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seeds on female cannabis plant

Male plants can also be used for:

The space between nodes is called “internodal spacing” and will give you a sense of whether a plant will grow tall or short.

Female marijuana plants

Males and females are usually only pollinated when crossbreeding plants or creating new strains.

Seeds are produced in female cannabis plants and carry the genetics of a male and female. Seeds need to germinate to sprout and will grow a taproot, which will become the main root that anchors the plant.

Cannabis is a dioecious plant, meaning it can be male or female, and the male and female reproductive organs appear on different plants. What’s in your stash jar now are the flowers of a female marijuana plant.

Male plants won’t show hairs at these nodes, but will develop little sacs of pollen. These pollen sacs will look like little balls. These balls can appear on their own or in clusters, depending how far into the pre-flowering stage the plant is. At some later stage of growth, the pollen sacs will burst open, spilling the pollen and possibly pollinating your females.

Obviously, no one wants to smoke seedy weed. When you grow cannabis and learn how to identify male plants and signs of pollination, you can remove these plants to save your remaining females. Likewise, recognising a pollinated female early allows you to start again before it’s too late, rather than finishing a grow that will only result in a poor-quality harvest.

The typical cannabis grower normally doesn’t have a reason to keep males, and will want to get rid of them as soon as they are spotted. Cannabis breeders, on the other hand, may want to keep males along with their crop of female plants. In such cases, the breeder will normally separate the sexes to avoid any accidental pollination. They may grow females in one tent and males in another. When grown outdoors, such as in a garden, the males are often kept in the most remote corner of their growing area, as far from the females as possible. Even then, because of the wind carrying around the pollen, there is always some risk of accidental pollination.

WHAT TO DO WHEN YOUR FEMALES GET POLLINATED?

Pollination of your female cannabis plants will make them produce seeds and spend less energy on producing quality buds. But when you recognise the signs of pollination early, you can avoid putting time and resources into a poor harvest.

Another indication of pollination can be the colour of her pistil hairs. When a female has been pollinated, the previously white hairs will soon shrivel and become darker.

A good test to see whether the bracts have swollen is to take a pair of tweezers, grab one bract, and open it up. If there is a seed inside, you have a pollinated plant.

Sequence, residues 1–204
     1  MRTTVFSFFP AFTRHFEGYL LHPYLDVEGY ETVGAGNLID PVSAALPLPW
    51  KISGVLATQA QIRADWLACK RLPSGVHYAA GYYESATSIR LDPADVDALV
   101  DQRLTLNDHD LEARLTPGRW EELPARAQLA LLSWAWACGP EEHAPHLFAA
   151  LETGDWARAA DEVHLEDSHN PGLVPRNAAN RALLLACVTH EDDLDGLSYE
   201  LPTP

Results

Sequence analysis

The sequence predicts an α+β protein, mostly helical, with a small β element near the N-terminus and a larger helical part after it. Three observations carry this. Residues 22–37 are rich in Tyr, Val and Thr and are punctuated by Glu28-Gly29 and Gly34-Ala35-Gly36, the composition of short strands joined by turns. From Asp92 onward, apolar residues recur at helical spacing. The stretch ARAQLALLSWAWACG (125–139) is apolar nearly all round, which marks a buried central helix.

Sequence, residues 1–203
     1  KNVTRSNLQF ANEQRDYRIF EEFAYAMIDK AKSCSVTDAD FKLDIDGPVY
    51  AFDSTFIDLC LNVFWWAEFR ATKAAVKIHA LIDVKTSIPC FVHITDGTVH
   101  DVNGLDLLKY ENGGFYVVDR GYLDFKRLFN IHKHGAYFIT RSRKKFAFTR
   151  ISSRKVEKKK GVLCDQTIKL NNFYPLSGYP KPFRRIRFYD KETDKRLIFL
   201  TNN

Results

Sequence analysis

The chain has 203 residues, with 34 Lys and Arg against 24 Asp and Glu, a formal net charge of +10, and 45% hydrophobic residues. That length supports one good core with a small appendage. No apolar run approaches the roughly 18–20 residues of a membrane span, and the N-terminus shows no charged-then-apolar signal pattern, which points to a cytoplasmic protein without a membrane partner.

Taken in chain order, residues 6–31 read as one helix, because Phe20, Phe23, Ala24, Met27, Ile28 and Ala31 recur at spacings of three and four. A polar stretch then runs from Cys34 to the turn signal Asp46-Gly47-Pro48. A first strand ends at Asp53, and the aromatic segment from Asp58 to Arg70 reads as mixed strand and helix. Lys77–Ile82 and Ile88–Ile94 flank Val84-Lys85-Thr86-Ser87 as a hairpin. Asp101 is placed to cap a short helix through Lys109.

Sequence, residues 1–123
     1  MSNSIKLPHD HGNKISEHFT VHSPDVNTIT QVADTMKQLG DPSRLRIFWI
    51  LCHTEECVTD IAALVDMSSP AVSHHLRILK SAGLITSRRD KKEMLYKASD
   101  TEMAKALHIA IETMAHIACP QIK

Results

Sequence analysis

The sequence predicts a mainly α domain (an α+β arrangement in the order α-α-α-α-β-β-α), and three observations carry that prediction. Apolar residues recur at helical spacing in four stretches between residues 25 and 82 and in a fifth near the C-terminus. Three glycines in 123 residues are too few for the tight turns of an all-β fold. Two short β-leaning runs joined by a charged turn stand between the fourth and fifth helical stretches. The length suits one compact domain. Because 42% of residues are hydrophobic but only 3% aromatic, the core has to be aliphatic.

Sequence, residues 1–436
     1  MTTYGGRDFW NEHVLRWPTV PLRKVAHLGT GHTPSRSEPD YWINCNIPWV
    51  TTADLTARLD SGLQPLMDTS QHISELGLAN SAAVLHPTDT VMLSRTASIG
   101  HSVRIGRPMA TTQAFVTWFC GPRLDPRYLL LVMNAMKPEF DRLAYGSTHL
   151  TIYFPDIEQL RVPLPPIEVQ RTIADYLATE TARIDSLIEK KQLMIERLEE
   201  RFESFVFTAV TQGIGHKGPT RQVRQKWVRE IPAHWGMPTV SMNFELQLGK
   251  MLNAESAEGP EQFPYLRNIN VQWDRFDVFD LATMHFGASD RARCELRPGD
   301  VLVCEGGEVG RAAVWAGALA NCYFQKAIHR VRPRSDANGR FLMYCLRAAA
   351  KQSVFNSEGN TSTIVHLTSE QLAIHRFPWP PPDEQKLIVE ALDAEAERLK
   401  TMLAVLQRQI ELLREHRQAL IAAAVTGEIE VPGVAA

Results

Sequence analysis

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When you grow cannabis plants, they will either turn out as females, males, or hermaphrodites, meaning a hybrid of the two sexes. Knowing the difference between the three is vital to maintaining a strong growing operation, whether you’re planning on crossbreeding strains, maximising the yield of your female plants, or studying each of the types.

Hermaphroditism stems from two major driving factors: stress and genetics. In regards to stress, hermaphroditism serves as a survival mechanism. If a plant experiences damage, heat, disease, or nutrient deficiencies, they start to freak out. Essentially, plants get the impression that their time is up. In a last-ditch attempt to reproduce, they decide to stop waiting around for a male and get the job done themselves.

WHY DOES IT MATTER THAT CANNABIS IS DIOECIOUS?

Male and female plants look identical during the seedling and vegetative phases. But, as they begin to transition into the flowering phase, plants finally begin to reveal their sex. During this time, females produce resinous buds loaded with cannabinoids, and males form sacs filled with pollen.

“Banana” hermaphrodites get their name from their physical characteristics. Instead of producing separate organs, they develop a bare pollen-producing stamen within the female flower. This naked appendage drops pollen directly onto buds to ensure self-reproduction. These stamens share a similar shape and colour to a certain tropical fruit, hence their name.

Several factors can cause female plants to start to develop pollen sacs—or exposed stamens—alongside their flowers. This trait means that plants don’t need to rely on a nearby male to burst their sacs and fertilise them. As we’ll discuss in a bit, this is actually a savvy survival mechanism and a display of nature’s genius. However, hermaphrodites aren’t desirable in the grow room or garden. Now, let’s discuss both types and how to avoid the issues they cause.